The Impact of Bladder Leaks on Relationships

Stress Urinary Incontinence or SUI is the involuntary loss of urine due to exertion during activity. Any activity that puts pressure on the urinary tract may cause a leak when you have SUI. The activities that can trigger leaks when you have SUI can be anything from running and jumping to sneezing or laughing. Stress incontinence, also known as Light Bladder Leaks (LBL) occurs when the muscles that support the bladder and the muscles that regulate the release of urine are weakened. This loss of muscle can come about for varying reasons: childbirth, obesity, aging, and surgery. While talking about SUI is often embarrassing, having discussions about how it impacts different aspects of women's lives is important, including how it affects our relationships.


Friendships With stress incontinence, life gets put on hold. Some women with SUI choose to forego nights out or seeing friends, just because the thought of having to worry about the worst case scenario just isn't worth it. But all those missed movie nights, and dinners, and picnics can have a lasting effect on your mental health. According to the Mayo Clinic, adults that have strong friendships later in life tend to lead more fulfilling lives. In addition, a lack of companionship can lead to increased risk for heart disease, a weakened immune system, and depression. It’s already difficult for adult females to make and maintain friendships later in life, so having opportunities to meet new people is vital. Having SUI may make it difficult to meet for social obligations or opportunities that could lead to some great friends and close relationships, or cause you to leave early and miss a great moment.


Intimacy Another problem in relationships that women with SUI face come with romantic partners. Being intimate is an important part of a relationship with your partner, according to Psychology Today. Both physical and emotional intimacy are vital to keeping a relationship alive and healthy, but when dealing with SUI, women may feel too embarrassed to continue being physically intimate and express what they’re going through emotionally. As mentioned before, stress incontinence can be triggered by any kind of pressure that is placed on the urinary tract, including intimate moments with your partner. As a result, some women are having less sex, which can affect both physical and mental health.


SUI is common among women who have given birth vaginally. About 30% of women will experience SUI 5 years after their first vaginal birth. Weakened pelvic floor muscles through the process of giving birth leaves you with the occasional leak, post-baby. However, having babies entails a lot of groundwork - lifting, giggling, and crawling which are all activities that can cause leaks if you have stress incontinence. Unfortunately, SUI becomes another problem new mommies have to worry about (and clean up after!), on top of the mountain of troubles that come with motherhood. Any distraction from the baby or prevention from a new mom getting close and interacting with her baby after birth can have serious effects on both mother and baby. A huge distraction and hurdle can be leaks caused by SUI, preventing valuable playtime on the floor, or a push on the swing.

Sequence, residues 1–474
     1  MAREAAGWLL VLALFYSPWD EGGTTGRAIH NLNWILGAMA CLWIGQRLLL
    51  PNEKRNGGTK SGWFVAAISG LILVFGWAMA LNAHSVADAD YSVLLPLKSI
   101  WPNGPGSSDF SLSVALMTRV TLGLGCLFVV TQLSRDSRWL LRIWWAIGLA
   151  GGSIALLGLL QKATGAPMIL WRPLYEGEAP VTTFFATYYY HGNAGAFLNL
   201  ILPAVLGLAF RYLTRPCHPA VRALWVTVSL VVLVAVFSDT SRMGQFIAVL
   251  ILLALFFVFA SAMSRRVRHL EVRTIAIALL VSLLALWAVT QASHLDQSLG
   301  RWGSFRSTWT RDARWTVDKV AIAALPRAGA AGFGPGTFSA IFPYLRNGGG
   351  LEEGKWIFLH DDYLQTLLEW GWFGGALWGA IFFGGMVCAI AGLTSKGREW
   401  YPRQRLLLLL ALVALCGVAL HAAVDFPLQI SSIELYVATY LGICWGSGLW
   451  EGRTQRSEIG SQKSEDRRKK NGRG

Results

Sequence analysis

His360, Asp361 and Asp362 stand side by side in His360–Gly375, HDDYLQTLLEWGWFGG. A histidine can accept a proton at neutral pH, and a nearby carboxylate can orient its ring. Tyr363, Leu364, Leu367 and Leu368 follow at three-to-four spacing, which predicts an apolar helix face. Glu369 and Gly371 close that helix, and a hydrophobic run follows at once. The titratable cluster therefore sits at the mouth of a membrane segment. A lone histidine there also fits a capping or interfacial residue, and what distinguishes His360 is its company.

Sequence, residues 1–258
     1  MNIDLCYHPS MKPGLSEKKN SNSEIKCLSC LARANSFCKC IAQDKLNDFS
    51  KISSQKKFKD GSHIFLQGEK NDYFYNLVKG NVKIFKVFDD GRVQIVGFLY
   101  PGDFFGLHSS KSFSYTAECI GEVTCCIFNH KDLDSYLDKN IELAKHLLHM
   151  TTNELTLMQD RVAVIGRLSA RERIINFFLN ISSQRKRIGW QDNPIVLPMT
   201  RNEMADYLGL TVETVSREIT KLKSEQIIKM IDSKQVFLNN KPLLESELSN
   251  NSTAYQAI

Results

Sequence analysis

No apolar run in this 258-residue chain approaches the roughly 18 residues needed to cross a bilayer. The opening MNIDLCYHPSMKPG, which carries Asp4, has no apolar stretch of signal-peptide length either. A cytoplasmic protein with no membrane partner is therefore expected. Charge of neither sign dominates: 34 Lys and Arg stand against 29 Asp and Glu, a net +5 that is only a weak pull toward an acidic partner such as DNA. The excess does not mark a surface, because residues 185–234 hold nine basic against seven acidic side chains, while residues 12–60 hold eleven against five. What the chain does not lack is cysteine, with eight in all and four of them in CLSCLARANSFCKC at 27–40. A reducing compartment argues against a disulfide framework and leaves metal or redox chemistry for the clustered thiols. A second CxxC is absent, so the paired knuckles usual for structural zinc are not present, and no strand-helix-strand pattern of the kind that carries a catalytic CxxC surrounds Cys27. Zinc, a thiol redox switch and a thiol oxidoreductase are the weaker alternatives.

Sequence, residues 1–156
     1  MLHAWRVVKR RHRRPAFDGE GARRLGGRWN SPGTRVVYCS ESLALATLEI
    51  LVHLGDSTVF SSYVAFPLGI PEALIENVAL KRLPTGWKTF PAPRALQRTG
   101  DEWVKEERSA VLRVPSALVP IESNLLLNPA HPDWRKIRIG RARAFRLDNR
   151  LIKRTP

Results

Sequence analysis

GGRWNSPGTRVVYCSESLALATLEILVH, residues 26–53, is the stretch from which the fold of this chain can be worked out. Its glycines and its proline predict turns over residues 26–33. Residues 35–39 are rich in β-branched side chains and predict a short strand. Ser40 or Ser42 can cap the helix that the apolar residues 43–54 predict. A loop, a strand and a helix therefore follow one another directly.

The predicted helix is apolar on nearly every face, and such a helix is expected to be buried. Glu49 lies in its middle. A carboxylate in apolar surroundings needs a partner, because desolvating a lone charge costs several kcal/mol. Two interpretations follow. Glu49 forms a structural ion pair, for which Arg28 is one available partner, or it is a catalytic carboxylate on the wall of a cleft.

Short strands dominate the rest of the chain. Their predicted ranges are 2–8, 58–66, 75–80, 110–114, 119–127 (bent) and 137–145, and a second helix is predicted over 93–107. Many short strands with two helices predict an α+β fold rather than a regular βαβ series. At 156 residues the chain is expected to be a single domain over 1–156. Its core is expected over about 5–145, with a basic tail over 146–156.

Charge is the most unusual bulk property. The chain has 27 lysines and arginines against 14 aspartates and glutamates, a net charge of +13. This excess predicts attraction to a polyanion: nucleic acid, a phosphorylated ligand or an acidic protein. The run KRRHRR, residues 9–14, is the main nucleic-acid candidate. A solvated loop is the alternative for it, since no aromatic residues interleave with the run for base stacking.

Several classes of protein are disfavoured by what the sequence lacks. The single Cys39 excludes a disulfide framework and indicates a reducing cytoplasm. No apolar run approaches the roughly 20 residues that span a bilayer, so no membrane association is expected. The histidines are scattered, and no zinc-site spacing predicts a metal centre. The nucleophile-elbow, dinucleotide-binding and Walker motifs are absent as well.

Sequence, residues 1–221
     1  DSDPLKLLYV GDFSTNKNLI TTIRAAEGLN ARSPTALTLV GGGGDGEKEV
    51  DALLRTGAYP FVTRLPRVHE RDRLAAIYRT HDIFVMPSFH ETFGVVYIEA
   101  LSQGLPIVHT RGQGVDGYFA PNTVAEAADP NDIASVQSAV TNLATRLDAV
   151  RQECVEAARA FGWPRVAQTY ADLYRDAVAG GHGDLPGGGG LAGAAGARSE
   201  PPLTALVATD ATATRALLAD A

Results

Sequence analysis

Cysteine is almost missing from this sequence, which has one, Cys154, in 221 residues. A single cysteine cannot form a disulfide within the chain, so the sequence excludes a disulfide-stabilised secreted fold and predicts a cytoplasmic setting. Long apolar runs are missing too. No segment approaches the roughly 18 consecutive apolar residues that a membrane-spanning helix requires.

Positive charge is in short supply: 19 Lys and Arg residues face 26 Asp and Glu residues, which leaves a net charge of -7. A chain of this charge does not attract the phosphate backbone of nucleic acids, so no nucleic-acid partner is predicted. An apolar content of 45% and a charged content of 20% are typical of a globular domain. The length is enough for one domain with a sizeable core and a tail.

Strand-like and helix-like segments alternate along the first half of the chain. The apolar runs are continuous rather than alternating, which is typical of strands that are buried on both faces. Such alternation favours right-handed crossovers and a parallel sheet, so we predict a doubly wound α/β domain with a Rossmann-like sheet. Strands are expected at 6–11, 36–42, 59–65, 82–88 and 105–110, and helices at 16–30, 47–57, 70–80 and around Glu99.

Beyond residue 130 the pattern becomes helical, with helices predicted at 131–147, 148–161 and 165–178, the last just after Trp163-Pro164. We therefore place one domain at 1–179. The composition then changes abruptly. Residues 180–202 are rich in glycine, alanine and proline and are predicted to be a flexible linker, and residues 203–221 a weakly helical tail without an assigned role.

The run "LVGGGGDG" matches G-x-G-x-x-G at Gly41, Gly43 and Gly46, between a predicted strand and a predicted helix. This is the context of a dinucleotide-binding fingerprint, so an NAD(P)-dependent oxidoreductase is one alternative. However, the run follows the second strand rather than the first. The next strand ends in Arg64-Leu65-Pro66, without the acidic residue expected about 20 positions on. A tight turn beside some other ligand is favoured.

With Yourself

With Yourself One of the most important relationships a woman can have is with herself. It’s no surprise that women who suffer from stress incontinence may also experience lower self-esteem. It’s an embarrassing problem that isn’t discussed often, so women can feel like something is wrong with them. There is also the perception that incontinence is another sign of getting older, because it affects older women more than other groups. Women can take this as a reflection of their place in life or making them feel older than they are, also impacting self image, especially those who identify strongly with their appearance and age. Lower self-esteem can lead to weakened relationships as well, impacting your quality of life.


With the enormous impacts SUI can have on you and your relationships with loved ones, women can feel alone when dealing with their symptoms. You don’t have to. Revive is a revolutionary bladder support device that was designed with women’s comfort and safety in mind. Inserted like a tampon, Revive can be left in for 12 hours a day to protect against leaks, not just cover them up like other leak protection options. It’s reusable to help reduce the 200,000 tons of menstrual waste generated each year from products like pads and pantyliners that are also used for urinary incontinence. Get back to being you, with your friends, family, and yourself, with Revive. Available over-the-counter at retailers nationwide!